This partnership will help expand the FutureTech Success campaign’s efforts to provide resources and educational materials for aspiring technicians, their parents and educators alike. As the leader in automotive equipment repair, maintenance, and customization manuals, Haynes’s support for the campaign will be a catalyst for TechForce Foundation’s efforts to grow the industry’s talent pipeline by appealing to and reaching future technicians.
“Partnering with a company like Haynes gives students a unique perspective that narrows the focus on the hands-on aspect of the automotive trade,” said Jennifer Maher, CEO and Executive Director of TechForce Foundation. “We are excited to collaborate with Haynes to reframe the stigmas and motivate students to take their tinkering a little further into a career in the transportation industry.”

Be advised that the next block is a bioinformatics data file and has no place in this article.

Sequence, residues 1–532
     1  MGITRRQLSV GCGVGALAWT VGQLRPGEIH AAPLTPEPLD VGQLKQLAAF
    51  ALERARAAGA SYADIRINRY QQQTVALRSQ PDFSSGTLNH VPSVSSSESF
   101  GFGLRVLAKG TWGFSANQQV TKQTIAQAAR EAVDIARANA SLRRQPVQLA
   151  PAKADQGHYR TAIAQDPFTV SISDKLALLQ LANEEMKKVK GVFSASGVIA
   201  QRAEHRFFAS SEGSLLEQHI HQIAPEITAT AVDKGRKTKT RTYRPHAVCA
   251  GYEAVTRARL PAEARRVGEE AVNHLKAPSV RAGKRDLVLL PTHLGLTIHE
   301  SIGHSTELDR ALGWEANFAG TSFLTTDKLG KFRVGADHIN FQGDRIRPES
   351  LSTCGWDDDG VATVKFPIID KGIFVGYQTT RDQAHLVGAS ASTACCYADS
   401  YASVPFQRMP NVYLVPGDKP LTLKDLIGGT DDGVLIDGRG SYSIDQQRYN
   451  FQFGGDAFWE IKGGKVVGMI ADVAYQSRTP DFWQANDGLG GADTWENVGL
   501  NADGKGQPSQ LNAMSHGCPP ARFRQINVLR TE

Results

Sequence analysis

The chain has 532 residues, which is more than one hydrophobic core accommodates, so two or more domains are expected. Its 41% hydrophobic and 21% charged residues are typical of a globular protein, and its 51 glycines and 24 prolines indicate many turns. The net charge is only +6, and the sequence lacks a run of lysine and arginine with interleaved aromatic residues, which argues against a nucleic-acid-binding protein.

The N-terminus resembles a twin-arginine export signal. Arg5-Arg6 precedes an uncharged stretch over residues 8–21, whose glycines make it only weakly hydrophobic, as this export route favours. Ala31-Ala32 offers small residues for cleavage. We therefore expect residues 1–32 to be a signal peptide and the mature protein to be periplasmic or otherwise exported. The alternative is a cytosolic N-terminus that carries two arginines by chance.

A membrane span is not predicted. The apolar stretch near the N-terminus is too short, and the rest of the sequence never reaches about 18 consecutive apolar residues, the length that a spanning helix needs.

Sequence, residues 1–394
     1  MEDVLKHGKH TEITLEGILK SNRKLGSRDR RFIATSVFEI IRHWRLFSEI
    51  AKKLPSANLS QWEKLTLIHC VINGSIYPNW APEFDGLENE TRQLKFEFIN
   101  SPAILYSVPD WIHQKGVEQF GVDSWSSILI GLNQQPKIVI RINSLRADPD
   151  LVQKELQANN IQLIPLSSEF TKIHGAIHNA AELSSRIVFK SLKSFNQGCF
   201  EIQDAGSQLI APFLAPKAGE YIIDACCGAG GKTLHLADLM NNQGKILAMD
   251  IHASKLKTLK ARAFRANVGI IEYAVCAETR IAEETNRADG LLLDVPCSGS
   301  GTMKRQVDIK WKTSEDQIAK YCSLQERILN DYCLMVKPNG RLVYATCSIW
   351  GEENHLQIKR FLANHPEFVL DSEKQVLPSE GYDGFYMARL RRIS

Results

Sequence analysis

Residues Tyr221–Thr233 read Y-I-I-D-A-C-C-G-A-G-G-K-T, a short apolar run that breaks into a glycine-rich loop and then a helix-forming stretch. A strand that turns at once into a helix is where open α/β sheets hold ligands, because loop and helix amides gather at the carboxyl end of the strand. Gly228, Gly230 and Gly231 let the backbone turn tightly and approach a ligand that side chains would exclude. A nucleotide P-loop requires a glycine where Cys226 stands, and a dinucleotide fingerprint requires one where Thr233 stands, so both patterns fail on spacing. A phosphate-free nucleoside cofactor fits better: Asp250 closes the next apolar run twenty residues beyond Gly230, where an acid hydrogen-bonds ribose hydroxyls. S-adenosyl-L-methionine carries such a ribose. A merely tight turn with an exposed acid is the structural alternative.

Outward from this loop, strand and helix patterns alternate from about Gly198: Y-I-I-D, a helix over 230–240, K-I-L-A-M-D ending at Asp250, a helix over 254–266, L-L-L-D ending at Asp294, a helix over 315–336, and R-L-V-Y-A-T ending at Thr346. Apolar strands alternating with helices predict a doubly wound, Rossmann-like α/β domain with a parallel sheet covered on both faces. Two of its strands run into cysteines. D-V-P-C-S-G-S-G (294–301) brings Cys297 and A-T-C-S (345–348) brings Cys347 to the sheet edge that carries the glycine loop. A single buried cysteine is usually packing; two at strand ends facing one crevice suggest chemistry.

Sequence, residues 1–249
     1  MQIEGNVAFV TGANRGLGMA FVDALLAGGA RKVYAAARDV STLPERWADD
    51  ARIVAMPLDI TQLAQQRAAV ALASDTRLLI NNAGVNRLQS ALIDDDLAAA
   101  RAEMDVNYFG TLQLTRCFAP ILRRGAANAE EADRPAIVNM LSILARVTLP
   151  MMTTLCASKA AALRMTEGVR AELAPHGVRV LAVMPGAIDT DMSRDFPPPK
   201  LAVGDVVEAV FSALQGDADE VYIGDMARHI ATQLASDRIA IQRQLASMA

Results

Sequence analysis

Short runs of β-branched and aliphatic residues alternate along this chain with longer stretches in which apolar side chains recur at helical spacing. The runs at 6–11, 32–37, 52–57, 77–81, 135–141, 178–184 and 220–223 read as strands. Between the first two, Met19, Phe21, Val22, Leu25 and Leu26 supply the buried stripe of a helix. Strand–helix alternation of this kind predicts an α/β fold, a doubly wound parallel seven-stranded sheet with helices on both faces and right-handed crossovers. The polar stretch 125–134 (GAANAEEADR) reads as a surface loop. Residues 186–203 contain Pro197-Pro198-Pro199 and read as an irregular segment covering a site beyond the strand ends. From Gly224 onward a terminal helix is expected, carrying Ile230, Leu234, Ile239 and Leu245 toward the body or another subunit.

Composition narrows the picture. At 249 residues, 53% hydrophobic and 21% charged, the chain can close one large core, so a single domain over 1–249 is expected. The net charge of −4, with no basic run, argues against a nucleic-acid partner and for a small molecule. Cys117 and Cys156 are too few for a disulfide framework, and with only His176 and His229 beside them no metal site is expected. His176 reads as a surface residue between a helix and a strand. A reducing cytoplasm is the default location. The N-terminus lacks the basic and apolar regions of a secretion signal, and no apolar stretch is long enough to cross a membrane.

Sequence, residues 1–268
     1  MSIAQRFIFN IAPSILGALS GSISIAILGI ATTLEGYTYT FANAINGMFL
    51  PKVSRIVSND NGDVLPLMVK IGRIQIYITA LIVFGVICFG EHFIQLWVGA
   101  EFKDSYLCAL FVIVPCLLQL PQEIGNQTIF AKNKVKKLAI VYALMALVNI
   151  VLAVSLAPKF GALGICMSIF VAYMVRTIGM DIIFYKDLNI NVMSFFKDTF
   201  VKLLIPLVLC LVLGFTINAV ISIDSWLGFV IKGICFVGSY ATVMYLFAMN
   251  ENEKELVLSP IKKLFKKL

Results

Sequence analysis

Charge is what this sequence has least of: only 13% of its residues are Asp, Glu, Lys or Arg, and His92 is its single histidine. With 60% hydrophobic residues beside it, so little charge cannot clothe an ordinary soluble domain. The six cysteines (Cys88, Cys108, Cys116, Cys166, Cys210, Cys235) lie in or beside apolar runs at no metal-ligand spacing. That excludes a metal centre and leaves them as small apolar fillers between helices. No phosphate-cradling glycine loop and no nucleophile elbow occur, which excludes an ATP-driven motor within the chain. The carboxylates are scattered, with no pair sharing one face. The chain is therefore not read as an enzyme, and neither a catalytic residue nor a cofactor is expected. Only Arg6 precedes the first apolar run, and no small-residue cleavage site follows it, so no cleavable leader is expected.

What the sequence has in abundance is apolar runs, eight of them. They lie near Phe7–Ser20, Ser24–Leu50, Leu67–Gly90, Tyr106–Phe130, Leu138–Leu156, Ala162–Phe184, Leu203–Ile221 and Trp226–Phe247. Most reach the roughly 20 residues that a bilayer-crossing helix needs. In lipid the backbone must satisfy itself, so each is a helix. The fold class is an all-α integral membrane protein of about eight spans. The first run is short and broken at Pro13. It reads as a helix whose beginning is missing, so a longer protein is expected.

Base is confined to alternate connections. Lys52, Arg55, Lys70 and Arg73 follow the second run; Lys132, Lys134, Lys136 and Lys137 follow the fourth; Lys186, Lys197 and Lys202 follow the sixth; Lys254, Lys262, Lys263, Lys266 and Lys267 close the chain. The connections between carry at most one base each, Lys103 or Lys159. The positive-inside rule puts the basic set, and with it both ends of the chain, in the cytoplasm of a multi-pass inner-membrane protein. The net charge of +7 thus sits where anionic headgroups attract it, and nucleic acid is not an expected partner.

About Haynes North America, Inc.
Haynes, the world-leading publisher of automotive, motorcycle, marine and tractor repair content, is renowned for teaching millions of owners how to carry out routine maintenance and repairs. For almost 60 years, Haynes has been dismantling vehicles–and putting them back together again. Only in this unique ‘hands on’ way can Haynes provide authoritative and step-by-step information on both basic and complex tasks through print and online products.www.haynes.com.
About TechForce Foundation